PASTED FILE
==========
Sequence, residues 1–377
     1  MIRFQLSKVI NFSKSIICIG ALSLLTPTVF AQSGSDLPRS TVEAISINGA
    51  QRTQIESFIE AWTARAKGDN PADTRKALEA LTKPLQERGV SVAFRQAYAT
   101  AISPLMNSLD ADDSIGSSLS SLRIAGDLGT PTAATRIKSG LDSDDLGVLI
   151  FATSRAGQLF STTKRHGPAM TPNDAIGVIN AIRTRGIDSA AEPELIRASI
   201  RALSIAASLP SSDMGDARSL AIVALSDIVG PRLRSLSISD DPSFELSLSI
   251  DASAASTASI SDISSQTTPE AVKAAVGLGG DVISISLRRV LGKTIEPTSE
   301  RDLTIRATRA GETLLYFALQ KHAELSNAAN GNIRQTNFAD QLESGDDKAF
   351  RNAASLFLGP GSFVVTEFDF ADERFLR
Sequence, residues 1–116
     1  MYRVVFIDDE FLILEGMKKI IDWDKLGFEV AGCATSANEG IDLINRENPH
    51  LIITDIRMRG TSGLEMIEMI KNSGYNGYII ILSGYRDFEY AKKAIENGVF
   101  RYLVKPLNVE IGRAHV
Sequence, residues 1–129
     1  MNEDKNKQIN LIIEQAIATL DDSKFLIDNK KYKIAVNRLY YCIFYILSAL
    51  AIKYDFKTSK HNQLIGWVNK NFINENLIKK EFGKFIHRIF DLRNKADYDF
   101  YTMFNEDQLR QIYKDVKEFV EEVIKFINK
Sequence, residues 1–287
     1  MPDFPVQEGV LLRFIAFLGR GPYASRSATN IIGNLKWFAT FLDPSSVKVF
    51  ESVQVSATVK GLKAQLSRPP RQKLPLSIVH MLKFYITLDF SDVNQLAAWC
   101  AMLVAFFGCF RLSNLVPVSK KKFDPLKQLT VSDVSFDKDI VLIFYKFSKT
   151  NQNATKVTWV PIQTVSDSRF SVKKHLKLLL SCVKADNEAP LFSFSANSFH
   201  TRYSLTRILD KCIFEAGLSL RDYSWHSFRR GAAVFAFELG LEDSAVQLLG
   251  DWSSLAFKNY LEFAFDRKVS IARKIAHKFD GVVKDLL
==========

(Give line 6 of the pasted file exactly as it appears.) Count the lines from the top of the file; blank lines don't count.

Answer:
   201  RALSIAASLP SSDMGDARSL AIVALSDIVG PRLRSLSISD DPSFELSLSI